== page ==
Display Settings:

Format

Send to:

Choose Destination
See comment in PubMed Commons below
Circulation. 2012 Jul 10;126(2):189-95. doi: 10.1161/CIRCULATIONAHA.111.068049. Epub 2012 Jun 4.

Expansion of a regional ST-segment-elevation myocardial infarction system to an entire state.

Author information

  • 1Duke Clinical Research Institute, Duke University, Durham, NC 27710, USA. james.jollis@duke.edu

Abstract

BACKGROUND:

Despite national guidelines calling for timely coronary artery reperfusion, treatment is often delayed, particularly for patients requiring interhospital transfer.

METHODS AND RESULTS:

One hundred nineteen North Carolina hospitals developed coordinated plans to rapidly treat patients with ST-segment-elevation myocardial infarction according to presentation: walk-in, ambulance, or hospital transfer. A total of 6841 patients with ST-segment-elevation myocardial infarction (3907 directly presenting to 21 percutaneous coronary intervention hospitals, 2933 transferred from 98 non-percutaneous coronary intervention hospitals) were treated between July 2008 and December 2009 (age, 59 years; 30% women; 19% uninsured; chest pain duration, 91 minutes; shock, 9.2%). The rate of patients not receiving reperfusion fell from 5.4% to 4.0% (P=0.04). Treatment times for hospital transfer patients substantially improved. First-hospital-door-to-device time for hospitals that adopted a "transfer for percutaneous coronary intervention" reperfusion strategy fell from 117 to 103 minutes (P=0.0008), whereas times at hospitals with a mixed strategy of transfer or fibrinolysis fell from 195 to 138 minutes (P=0.002). Median door-to-device times for patients presenting directly to PCI hospitals fell from 64 to 59 minutes (P<0.001). Emergency medical services-transported patients were most likely to reach door-to-device goals, with 91% treated within 90 minutes and 52% being treated with 60 minutes. Patients treated within guideline goals had a mortality of 2.2% compared with 5.7% for those exceeding guideline recommendations (P<0.001).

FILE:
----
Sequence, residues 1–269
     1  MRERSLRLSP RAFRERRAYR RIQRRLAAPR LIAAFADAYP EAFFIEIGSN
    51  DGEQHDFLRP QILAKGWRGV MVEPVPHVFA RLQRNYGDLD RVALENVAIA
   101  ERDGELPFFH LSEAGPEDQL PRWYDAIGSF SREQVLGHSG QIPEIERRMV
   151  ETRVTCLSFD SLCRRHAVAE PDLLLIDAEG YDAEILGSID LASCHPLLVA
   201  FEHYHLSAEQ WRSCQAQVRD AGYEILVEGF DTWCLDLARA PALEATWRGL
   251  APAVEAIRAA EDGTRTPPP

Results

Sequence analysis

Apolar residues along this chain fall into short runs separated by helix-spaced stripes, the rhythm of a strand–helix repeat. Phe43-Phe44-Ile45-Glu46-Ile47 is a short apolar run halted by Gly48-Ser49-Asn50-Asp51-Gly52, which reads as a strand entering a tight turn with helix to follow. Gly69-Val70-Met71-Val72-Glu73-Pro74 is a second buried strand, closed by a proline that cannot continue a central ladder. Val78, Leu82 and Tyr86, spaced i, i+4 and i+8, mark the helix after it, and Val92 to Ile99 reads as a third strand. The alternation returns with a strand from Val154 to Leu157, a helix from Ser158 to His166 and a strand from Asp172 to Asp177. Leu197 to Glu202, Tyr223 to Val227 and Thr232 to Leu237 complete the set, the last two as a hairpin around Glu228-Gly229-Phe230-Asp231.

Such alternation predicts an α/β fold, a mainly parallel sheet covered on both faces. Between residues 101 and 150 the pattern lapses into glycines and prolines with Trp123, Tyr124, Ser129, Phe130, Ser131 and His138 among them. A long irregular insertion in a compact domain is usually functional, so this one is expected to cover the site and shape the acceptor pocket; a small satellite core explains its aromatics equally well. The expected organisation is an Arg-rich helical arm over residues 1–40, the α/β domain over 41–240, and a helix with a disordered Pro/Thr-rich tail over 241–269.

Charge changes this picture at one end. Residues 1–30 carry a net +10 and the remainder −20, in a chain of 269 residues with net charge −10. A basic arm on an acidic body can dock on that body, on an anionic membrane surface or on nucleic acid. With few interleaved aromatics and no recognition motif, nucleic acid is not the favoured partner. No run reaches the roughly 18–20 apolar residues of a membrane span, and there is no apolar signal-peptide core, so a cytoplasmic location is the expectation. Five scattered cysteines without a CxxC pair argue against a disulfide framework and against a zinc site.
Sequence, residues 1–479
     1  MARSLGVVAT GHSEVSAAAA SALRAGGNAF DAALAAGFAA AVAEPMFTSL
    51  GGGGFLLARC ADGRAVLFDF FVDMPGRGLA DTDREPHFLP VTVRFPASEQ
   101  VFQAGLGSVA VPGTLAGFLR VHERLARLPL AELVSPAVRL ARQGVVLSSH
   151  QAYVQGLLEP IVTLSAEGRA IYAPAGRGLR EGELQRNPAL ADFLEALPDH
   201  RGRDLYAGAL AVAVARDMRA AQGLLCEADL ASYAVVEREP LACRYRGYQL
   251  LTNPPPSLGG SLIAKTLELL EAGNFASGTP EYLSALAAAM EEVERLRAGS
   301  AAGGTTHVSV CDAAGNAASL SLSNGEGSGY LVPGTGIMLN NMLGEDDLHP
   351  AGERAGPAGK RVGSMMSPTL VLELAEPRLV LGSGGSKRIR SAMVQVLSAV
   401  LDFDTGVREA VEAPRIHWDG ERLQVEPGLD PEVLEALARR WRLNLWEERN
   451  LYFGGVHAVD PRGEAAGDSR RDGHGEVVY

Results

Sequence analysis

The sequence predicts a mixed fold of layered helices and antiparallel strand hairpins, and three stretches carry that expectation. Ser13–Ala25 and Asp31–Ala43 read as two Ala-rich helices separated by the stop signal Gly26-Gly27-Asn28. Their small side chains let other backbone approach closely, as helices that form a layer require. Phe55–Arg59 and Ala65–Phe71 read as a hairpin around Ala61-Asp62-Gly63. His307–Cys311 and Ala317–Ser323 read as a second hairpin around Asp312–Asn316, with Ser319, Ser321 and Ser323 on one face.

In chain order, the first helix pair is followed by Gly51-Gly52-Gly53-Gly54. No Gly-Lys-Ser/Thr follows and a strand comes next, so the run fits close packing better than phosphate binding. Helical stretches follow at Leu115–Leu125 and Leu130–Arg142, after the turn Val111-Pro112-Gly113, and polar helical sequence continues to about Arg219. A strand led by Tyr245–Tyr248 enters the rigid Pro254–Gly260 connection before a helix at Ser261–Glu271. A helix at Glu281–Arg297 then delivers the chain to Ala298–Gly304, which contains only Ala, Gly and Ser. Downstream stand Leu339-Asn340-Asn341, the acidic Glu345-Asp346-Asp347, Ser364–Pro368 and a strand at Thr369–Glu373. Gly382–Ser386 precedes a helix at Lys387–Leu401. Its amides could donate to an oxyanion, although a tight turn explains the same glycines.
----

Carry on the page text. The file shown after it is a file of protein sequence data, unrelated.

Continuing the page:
CONCLUSION:

Through extension of regional coordination to an entire state, rapid diagnosis and treatment of ST-segment-elevation myocardial infarction has become an established standard of care independently of healthcare setting or geographic location.

Comment in

PMID:
22665718
[PubMed - indexed for MEDLINE]
Free full text
PubMed Commons home

PubMed Commons

0 comments
How to join PubMed Commons

    Supplemental Content

    Full text links

    Icon for HighWire
    Loading ...
    Write to the Help Desk